TILL a few years ago scarcely known out-side the ranks of mineralogists, spodumene suddenly leaped into notice in 1903 upon the discovery of the lovely lilac-coloured stones (Plate XXIX, Fig. 1o) at Pala, San Diego County, California ; they shortly afterwards received the name kunzite after the well-known expert in gems, Dr. G. F. Kunz. The stones were found here in a pegmatite dyke, and were of all shades, ranging from pale pink to deep lilac, and at times as much as 150 carats in weight. Paler kunzite occurs with beryl and tourmaline at Coahuila Mountain in River-side County, California, and colourless stones have recently come to light in Madagascar. Kunzite is remarkable for its wonderful dichroism ; the beautiful violet tint that springs out in one direction comes with greater surprise because of the uninteresting yellowish tints in other directions. Unlike spodumene in general, kunzite is phosphorescent under the influence of radium.
The emerald-green variety (Plate XXIX, Fig. I I), named hiddenite after Mr. W. E. Hidden, who discovered in 1881 the only known occurrence, in Alexander County, North Carolina, would no doubt have become popular had the supply of material not been so very limited ; few stones were found, and the variety has never come to light elsewhere. The colour is supposed to be due to chromic acid. Hiddenite being also dichroic, the tint varies with the direction.
Spodumene is ordinarily rather a pale yellowish in hue, and, as its name (which is derived from , ash-coloured) suggests, is not very attractive. Clear, lemon-yellow stones (Plate XXIX, Fig. 9) are found in Brazil and Madagascar.
The species is interesting scientifically because it contains the rare element lithium ; it is a silicate of aluminium and lithium, corresponding to the formula LiAl(SiOs)2. The double refraction is biaxial in character and positive in sign, the least and greatest of the refractive indices being 1.660 and r67 5 ; the specific gravity is 3.I85, and hardness 6i to 7 on Mohs’s scale. Spodumene has an easy cleavage, and the cut stones call therefore for careful handling, lest they be flawed or fractured. Two faceted stones, a beautiful kunzite and a fine hiddenite, weighing 60 and 2 1/2 carats respectively, are exhibited in the British Museum (Natural History).
Known also by various other namescordierite, dichroite, and water-sapphire (saphire d’eau)this species owes its interest to the remarkable dichroism characterizing it, the principal colourssmoky-blue and yellowish whitebeing in such contrast as to be obvious to the unaided eye. The stones that are usually worked have intrinsically a smoky-blue colour, and are found in waterworn masses in the river-gravels of Ceylon, whence is the origin of the name water-sapphire. Iolite, from, violet, and, stone, refers to the colour; cordierite is named after Cordier, a French geologist, who first studied the crystallography of the species; and dichroite, of course, alludes to the most prominent character of the species.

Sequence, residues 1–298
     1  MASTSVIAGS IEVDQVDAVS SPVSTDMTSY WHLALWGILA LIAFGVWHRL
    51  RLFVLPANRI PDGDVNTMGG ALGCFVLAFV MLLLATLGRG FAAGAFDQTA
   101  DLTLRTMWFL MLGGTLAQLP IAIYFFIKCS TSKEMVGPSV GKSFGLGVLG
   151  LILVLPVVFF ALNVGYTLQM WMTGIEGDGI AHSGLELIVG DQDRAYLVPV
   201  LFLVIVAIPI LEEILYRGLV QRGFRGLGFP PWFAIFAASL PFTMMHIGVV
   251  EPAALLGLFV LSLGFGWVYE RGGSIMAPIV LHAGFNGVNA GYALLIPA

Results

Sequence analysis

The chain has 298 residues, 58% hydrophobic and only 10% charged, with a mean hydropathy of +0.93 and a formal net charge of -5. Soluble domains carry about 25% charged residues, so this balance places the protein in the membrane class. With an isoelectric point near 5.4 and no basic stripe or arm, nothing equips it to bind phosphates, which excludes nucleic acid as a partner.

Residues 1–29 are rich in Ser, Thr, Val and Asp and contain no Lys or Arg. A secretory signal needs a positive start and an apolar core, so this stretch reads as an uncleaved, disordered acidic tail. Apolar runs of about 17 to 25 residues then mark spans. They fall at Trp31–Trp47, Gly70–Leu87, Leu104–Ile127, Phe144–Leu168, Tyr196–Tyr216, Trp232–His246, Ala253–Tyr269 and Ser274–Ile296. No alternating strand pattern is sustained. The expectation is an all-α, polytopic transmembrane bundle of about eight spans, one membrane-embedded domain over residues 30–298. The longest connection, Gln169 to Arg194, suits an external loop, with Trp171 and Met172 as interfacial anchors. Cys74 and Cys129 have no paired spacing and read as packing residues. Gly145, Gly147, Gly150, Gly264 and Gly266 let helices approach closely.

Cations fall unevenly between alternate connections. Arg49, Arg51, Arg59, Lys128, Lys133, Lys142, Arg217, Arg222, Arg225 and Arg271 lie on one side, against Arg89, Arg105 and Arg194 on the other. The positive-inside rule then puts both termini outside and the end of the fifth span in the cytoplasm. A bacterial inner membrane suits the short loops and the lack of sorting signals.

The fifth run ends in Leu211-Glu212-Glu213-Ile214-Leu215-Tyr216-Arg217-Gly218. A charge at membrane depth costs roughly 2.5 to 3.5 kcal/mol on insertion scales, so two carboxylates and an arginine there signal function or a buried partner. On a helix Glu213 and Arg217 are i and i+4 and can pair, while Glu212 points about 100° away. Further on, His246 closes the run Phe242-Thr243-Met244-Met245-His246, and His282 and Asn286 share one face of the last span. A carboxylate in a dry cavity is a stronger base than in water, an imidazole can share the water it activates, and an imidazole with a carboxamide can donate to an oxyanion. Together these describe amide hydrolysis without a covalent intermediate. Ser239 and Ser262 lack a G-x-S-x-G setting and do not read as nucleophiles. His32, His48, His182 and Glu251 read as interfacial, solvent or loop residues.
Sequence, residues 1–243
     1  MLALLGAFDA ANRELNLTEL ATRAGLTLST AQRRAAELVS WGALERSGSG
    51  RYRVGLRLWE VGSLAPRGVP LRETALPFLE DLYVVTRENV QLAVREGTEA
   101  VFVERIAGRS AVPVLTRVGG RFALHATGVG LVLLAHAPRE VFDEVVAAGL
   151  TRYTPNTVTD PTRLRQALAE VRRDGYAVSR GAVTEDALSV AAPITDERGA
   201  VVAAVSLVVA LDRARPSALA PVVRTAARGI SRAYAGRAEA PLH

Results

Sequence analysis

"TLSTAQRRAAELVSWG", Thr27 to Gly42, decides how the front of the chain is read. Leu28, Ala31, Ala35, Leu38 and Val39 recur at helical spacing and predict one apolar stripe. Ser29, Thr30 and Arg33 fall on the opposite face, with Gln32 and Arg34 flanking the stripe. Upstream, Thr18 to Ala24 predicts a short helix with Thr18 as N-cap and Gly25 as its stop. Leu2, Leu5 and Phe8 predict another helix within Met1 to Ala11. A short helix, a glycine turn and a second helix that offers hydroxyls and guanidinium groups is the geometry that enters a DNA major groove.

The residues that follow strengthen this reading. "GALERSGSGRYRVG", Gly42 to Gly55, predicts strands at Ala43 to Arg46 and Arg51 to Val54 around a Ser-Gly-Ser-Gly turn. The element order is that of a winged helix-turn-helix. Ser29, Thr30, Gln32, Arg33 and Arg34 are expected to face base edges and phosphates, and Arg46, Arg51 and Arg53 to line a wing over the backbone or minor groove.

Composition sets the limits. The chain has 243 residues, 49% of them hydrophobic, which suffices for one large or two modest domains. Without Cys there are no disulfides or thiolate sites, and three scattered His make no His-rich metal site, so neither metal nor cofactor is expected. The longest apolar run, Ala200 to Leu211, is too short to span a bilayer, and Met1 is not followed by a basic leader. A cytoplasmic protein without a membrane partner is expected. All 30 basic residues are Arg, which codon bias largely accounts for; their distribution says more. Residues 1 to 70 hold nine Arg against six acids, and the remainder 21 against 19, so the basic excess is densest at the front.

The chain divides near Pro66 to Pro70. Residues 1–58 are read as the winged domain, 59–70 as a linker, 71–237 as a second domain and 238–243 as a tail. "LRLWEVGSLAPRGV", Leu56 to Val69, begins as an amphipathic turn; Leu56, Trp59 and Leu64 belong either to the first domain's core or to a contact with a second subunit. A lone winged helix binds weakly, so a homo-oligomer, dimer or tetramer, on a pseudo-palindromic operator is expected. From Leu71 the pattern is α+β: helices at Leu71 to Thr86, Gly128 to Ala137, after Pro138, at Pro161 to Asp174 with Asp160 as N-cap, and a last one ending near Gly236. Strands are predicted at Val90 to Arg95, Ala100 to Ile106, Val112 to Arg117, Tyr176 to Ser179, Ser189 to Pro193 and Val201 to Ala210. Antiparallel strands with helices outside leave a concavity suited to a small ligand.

Iolite is a silicate of aluminium and of magnesium and iron corresponding to the formula H2(Mg,Fe)4 A18Si10O37. The double refraction is small in amount, biaxial in character, and negative in sign, the least and greatest of the refractive indices being 1.543 and V551 ; the specific gravity is 2.63, and hardness 7 on Mohs’s scale. Iolite, if used, is worked and polished ; it is seldom faceted. A large worked piece, weighing 177 grams, which was formerly in the Hawkins Collection, is exhibited in the British Museum (Natural History).
The babe among gem-stones, benitoite first saw the light of day a few years ago, early in 1907. It occurs with the rare mineral neptunite, which was previously known only from Greenland, in narrow veins of natrolite in Diablo Range near the head-waters of the San Benito River, San Benito County, California. Despite careful search the species has not been found except within the original restricted area. To’ science it is interesting both because of its composition, a silico-titanate of barium, corresponding to the formula BaTiSi3O9, and because its crystals belong to a class of crystalline symmetry which has hitherto not been represented among minerals. The double refraction is uniaxial, and since the ordinary index of refraction is P757 and the extraordinary 1.804, it is positive in sign and large in amount, namely, 0.047. The stones are characterized by strong dichroism, the colour corresponding to the ordinary ray being white, and to the extraordinary greenish blue to indigo depending upon the tint of the stone. To obtain the best effect the stone must therefore be cut with the table-facet parallel to the crystallographic axis. The specific gravity is 3.65, and hardness 61 on Mohs’s scale. When first discovered the species was supposed to be sapphire, and many stones were cut and sold as such. It is, however, much softer than sapphire, and is readily distinguished by its optical characters, since it possesses greater double refraction and of differing sign, so that, when tested with the refractometer, the shadow-edge corresponding to the lower index of refraction remains fixed in the case of of benitoite, whereas the contrary happens with sapphire. Benitoite also, unlike. sapphire, fuses easily to a transparent glass. Its blue colour, which is supposed to be due to a small amount of free titanic acid present, appears to be stable. Several stones as large as 1i to 2 carats in weight have been found. The largest of all, perfectly flaw-less, weighs just over 7 carats, and is remarkable because it is about three times the next largest in point of weight ; it is the property of Mr. G. Eacret, of San Francisco.